Thant Sin says efforts to promote digital literacy in Myanmar include teaching people how to protect their personal information, how to control what information they see online and how to keep online discussions free of hate speech.
At a Senate hearing in April, Facebook CEO Zuckerberg acknowledged Facebook's problems in Myanmar and promised to hire dozens of Burmese-language moderators. According to Facebook's job ads, some of these positions are apparently based in Dublin, where the company's international headquarters is located.
Petersen notes that in Germany, where the government strictly regulates content to prevent hate speech, Facebook has around 1,200 moderators.
"If they were to have the same user-to-moderator ratio for Myanmar," he argues, "they would need to have 700 people." And all would have to speak and read the local language, Burmese.
Facebook also uses artificial intelligence to identify hate speech, but activists say it often doesn't work.
Petersen says Phandeeyar is also pressing Facebook to be more transparent about its operations.
"How much bad content are you removing? How many reports are you getting? How many accounts are you closing down?" he asks. "We're not necessarily asking them to disclose sensitive information. We'd just really like to see some numbers."
Facebook said nobody was available to answer questions for this report. Speaking Monday at the New America Foundation, the organization's head of global policy management acknowledged that in Myanmar, "it is a complicated landscape, and there is a lot more we can do there."
Zuckerberg has pledged to work with civic groups to identify those who disseminate hate speech, in order to shut down their accounts. Last week, Facebook blacklisted a group of Buddhist hardliners in Myanmar. But some monks vowed to keep using the platform to spread their messages, even if they're banned. "We will keep using Facebook with different names and accounts to tell the truth to people," one told Reuters.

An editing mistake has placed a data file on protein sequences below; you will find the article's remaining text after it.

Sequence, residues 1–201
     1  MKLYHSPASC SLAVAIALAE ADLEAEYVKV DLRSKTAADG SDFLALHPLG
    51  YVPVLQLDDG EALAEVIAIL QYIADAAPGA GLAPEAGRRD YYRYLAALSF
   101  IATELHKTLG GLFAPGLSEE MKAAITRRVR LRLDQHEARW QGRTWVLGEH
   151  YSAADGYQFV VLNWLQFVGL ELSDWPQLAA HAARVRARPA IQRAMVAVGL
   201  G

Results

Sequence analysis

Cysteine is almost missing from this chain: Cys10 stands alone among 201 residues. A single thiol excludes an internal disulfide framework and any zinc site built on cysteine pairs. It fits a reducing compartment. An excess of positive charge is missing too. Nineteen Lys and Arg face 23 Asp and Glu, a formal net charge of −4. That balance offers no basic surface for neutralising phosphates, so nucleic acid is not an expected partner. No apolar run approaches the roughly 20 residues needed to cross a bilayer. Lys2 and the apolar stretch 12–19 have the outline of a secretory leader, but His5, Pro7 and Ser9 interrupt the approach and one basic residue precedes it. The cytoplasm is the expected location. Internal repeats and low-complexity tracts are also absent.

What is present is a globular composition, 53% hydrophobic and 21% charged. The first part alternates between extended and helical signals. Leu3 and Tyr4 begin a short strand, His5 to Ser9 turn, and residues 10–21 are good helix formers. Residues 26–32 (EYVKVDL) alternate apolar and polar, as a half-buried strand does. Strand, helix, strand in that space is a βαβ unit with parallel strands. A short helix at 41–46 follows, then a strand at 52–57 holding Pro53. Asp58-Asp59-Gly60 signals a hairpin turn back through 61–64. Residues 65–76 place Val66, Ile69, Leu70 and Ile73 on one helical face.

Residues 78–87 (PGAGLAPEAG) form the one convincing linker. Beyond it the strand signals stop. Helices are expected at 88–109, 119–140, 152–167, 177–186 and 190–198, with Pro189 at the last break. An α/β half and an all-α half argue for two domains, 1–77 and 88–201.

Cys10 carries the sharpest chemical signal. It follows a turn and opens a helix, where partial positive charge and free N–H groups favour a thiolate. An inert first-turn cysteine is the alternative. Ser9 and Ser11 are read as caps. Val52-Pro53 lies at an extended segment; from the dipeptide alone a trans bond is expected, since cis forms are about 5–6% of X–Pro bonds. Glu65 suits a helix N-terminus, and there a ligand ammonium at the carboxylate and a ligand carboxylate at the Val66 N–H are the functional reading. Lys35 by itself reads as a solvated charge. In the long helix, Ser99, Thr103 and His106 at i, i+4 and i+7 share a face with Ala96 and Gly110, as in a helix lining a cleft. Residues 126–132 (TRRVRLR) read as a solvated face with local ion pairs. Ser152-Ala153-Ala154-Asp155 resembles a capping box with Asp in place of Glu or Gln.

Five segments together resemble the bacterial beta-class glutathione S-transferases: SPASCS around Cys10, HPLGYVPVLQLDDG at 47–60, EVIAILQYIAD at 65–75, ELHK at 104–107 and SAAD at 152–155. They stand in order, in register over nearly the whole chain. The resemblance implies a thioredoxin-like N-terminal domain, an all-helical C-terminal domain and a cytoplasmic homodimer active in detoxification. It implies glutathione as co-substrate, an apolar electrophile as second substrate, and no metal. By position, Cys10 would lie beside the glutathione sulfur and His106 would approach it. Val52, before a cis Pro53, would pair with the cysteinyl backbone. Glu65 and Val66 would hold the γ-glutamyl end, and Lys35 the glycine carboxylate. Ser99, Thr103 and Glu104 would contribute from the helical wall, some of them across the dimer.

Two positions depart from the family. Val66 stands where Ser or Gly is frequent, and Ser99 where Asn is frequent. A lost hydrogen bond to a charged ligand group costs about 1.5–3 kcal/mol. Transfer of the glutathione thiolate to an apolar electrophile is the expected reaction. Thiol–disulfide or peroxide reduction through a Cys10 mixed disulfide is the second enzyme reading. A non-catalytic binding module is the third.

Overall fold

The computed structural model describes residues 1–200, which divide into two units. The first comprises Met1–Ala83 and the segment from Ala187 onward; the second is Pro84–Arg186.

Earlier this year, Facebook confirmed it had closed the account of a prominent monk named U Wirathu, the leader of a Buddhist nationalist movement. He was jailed more than a decade ago for inciting riots against Muslims. He has since been released and has been accused of using Facebook posts to incite similar violence in recent years.
Buddhist nationalists in countries including Myanmar, Thailand and Sri Lanka believe that Muslims intend to replace Buddhism, the majority religion in these countries, with Islam. This is what they believe happened many centuries ago in Afghanistan and Indonesia.
Myanmar activists say Facebook should have taken action against U Wirathu and his numerous followers years ago.
"Facebook is making zillions of dollars from [the] Myanmar community," says Hla Hla Win, an Internet entrepreneur. "They can do a lot better than that. Be more responsible about it."
The activists caution that they're not trying to kick Facebook out of Myanmar. They just want it to solve its problems and realize its potential as a force for good.